With some difficulty the flag was raised, and a chamber of stone work, large enough to receive a moderately-sized crock or pit, was disclosed. Alas! it was empty. But in the earth at the bottom of it, Miss Baily said, she herself saw, as every other bystander plainly did, the circular impression of a vessel: which had stood there, as the mark seemed to indicate, for a very long time.
Both the Miss Bailys were strong in their belief hereafterwards, that the treasure which they were convinced had actually been deposited there, had been removed by some more trusting and active listener than their father had proved.
This same governess remained with them to the time of her death, which occurred some years later, under the following circumstances as extraordinary as her dream.
The Earl’s Hall
The good governess had a particular liking for the old castle, and when lessons were over, would take her book or her work into a large room in the ancient building, called the Earl’s Hall. Here she caused a table and chair to be placed for her use, and in the chiaroscuro would so sit at her favourite occupations, with just a little ray of subdued light, admitted through one of the glassless windows above her, and falling upon her table.
The Earl’s Hall is entered by a narrow-arched door, opening close to the winding stair. It is a very large and gloomy room, pretty nearly square, with a lofty vaulted ceiling, and a stone floor. Being situated high in the castle, the walls of which are immensely thick, and the windows very small and few, the silence that reigns here is like that of a subterranean cavern. You hear nothing in this solitude, except perhaps twice in a day, the twitter of a swallow in one of the small windows high in the wall.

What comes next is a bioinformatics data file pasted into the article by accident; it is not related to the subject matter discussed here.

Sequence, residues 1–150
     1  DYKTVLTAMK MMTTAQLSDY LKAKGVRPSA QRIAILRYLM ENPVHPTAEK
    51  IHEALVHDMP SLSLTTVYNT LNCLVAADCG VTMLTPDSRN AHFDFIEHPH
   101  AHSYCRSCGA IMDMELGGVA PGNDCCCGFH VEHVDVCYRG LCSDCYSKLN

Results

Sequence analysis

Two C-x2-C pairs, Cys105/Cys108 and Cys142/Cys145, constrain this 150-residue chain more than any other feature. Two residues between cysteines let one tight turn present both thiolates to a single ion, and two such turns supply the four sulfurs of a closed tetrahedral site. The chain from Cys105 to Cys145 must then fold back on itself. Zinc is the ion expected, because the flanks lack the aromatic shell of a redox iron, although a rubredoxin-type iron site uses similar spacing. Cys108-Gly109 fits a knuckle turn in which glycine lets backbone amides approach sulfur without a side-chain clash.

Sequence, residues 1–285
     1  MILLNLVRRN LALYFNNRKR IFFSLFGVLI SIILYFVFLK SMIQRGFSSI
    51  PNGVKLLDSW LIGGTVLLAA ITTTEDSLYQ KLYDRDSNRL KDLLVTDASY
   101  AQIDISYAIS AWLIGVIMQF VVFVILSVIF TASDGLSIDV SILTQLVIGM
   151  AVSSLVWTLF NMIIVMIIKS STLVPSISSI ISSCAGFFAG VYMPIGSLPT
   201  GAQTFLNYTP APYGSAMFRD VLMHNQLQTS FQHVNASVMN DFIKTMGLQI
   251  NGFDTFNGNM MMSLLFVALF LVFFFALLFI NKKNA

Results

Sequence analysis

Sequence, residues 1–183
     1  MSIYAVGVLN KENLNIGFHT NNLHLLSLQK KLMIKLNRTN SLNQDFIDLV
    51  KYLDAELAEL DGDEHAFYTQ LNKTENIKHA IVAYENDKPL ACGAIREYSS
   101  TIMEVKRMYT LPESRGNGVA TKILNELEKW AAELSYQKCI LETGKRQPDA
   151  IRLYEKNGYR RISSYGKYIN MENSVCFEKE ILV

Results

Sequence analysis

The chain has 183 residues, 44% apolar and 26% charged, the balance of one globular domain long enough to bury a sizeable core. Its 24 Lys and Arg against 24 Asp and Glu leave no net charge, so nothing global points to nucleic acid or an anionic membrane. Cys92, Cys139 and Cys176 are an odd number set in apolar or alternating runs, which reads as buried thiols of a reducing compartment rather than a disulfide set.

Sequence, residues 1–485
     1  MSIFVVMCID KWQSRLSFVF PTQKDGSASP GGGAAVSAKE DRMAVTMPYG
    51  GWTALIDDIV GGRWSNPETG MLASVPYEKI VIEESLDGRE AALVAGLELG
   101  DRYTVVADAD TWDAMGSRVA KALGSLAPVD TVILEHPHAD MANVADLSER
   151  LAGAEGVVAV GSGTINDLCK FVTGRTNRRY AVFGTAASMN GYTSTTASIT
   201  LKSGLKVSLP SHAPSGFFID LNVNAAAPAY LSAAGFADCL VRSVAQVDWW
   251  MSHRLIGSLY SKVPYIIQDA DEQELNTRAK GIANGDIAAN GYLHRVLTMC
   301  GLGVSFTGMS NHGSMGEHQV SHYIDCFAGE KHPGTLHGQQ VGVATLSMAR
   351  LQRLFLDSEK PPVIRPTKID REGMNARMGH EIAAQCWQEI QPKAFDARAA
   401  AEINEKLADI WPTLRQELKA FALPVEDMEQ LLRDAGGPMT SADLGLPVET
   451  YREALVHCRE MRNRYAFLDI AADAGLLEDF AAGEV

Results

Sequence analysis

This good lady having one day retired to her accustomed solitude, was missed from the house at her wonted hour of return. This in a country house, such as Irish houses were in those days, excited little surprise, and no harm. But when the dinner hour came, which was then, in country houses, five o’clock, and the governess had not appeared, some of her young friends, it being not yet winter, and sufficient light remaining to guide them through the gloom of the dim ascent and passages, mounted the old stone stair to the level of the Earl’s Hall, gaily calling to her as they approached.
There was no answer. On the stone floor, outside the door of the Earl’s Hall, to their horror, they found her lying insensible. By the usual means she was restored to consciousness; but she continued very ill, and was conveyed to the house, where she took to her bed.